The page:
/home/laytonjb/anaconda3/lib/python3.7/site-packages/Cython/Compiler/Main.py:367: FutureWarning: Cython directive 'language_level' not set, using 2 for now (Py2). This will change in a later release! File: /home/laytonjb/HPC-PYTHON-1/helloworld.pyx
  tree = Parsing.p_module(s, pxd, full_module_name)
running build_ext
building 'helloworld' extension
creating build
creating build/temp.linux-x86_64-3.7
gcc -pthread -B /home/laytonjb/anaconda3/compiler_compat -Wl,--sysroot=/ -Wsign-compare -DNDEBUG -g -fwrapv -O3 -Wall -Wstrict-prototypes -fPIC -I/home/laytonjb/anaconda3/include/python3.7m -c helloworld.c -o build/temp.linux-x86_64-3.7/helloworld.o
gcc -pthread -shared -B /home/laytonjb/anaconda3/compiler_compat -L/home/laytonjb/anaconda3/lib -Wl,-rpath=/home/laytonjb/anaconda3/lib -Wl,--no-as-needed -Wl,--sysroot=/ build/temp.linux-x86_64-3.7/helloworld.o -o /home/laytonjb/HPC-PYTHON-1/helloworld.cpython-37m-x86_64-linux-gnu.so

Note that the command line uses setup.py as the “configuration” for building the binary (shared object). In the output, you will see paths that correspond to the system I used. Don’t worry about this because setup.py takes care of the paths.

Now I can test the compiled Cython shared object:

>>> import helloworld
Hello World

It worked! These are the basic steps for creating a compiled binary (shared object) of Python code.


To begin, I’ll take some simple Python code from the Numba example and compute the sum of a one-dimensional list. Although I’m sure better code is out there for computing a sum, this example will teach you how to do a more mathematical example.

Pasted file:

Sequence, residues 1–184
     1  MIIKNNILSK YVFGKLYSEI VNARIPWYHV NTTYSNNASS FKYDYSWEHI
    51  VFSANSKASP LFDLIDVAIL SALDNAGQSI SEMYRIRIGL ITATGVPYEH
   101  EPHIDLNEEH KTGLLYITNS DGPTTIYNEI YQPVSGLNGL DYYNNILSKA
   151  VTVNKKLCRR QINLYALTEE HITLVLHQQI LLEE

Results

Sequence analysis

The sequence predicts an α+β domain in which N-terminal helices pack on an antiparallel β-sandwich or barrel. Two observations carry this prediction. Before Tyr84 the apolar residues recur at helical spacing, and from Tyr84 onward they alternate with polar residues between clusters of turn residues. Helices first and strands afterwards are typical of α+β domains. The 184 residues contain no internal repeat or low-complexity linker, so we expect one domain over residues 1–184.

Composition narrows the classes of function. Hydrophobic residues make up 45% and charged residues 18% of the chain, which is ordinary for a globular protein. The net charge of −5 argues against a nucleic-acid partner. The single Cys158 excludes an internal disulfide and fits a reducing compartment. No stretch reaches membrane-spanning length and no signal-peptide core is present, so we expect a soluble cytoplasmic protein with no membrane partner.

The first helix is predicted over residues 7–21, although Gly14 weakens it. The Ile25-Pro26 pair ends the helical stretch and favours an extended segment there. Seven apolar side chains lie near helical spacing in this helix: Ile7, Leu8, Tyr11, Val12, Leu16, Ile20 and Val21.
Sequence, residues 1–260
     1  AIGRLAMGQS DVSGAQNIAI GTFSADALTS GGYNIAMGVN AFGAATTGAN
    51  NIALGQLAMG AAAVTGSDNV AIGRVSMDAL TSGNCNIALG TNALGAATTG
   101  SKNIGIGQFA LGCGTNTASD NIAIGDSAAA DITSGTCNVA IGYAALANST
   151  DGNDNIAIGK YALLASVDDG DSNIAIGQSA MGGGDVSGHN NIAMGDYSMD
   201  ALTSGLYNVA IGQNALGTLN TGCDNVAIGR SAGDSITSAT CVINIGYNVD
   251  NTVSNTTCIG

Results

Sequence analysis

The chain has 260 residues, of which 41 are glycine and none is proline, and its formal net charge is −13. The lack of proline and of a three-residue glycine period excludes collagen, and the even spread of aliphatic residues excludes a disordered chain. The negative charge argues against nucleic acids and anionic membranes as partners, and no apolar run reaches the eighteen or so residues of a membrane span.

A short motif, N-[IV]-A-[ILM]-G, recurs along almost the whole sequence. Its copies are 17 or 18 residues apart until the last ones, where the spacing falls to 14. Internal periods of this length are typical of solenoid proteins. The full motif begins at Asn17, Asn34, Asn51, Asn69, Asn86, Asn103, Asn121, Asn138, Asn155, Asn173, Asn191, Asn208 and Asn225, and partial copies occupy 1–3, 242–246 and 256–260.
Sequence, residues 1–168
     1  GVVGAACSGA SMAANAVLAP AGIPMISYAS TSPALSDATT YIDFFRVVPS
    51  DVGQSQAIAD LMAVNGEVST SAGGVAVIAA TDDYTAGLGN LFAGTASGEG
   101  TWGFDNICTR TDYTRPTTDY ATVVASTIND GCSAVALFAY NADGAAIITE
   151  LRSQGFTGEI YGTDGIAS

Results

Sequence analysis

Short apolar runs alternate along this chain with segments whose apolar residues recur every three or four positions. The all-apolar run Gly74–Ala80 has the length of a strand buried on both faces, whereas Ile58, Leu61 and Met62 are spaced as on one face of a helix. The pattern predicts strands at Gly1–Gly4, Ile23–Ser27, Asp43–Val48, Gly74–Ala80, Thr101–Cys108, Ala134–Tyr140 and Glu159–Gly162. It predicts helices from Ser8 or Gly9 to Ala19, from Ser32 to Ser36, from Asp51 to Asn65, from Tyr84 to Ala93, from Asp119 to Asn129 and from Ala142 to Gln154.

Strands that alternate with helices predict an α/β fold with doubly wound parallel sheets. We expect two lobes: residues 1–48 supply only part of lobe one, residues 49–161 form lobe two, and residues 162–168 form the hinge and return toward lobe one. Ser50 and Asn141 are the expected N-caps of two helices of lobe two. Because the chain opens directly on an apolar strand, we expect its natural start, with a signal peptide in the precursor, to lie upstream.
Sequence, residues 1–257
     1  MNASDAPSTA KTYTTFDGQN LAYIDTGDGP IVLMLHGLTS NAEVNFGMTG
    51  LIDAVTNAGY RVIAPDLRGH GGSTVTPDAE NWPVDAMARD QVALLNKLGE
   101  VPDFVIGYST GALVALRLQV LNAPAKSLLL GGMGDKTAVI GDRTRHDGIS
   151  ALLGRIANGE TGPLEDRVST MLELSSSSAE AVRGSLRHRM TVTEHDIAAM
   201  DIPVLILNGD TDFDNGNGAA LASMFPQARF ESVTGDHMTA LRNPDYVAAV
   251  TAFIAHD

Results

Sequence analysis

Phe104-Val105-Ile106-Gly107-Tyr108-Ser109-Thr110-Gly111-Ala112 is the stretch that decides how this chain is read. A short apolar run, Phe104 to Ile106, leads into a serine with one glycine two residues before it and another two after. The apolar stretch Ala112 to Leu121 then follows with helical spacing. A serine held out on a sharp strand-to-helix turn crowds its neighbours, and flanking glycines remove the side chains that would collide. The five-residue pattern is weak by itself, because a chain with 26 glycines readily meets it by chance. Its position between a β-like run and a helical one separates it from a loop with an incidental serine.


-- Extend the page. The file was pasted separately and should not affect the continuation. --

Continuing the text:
For this example, a simple function in the sum.pyx file computes the sum:

def sum(x):
  total = 0
  for i in range(x.shape[0]):
    total += x[i]
  return total

The code is compiled the same way as the Hello World code, with a change to the Python function in setup.py to cythonize sum.pyx. The code in Listing 4 tests the module in a Jupyter notebook.

Listing 4: Summation Test

import sum
import numpy
x = numpy.arange(10_000_000);
%time sum.sum(x)
CPU times: user 1.37 s, sys: 0 ns, total: 1.37 s
Wall time: 1.37 s

Notice that sum is the object and sum.sum is the function within the object, which means you can put more than one function in your Python code. Also notice that the time for running the code is about the same as the pure Python itself. Although you can optimize Cython code by, for example, employing OpenMP, I won’t discuss that here.


Cython takes Python code, converts it to C, and compiles it for you, but what if you have existing C code that you want to use in Python like a Python module? This is where ctypes can help.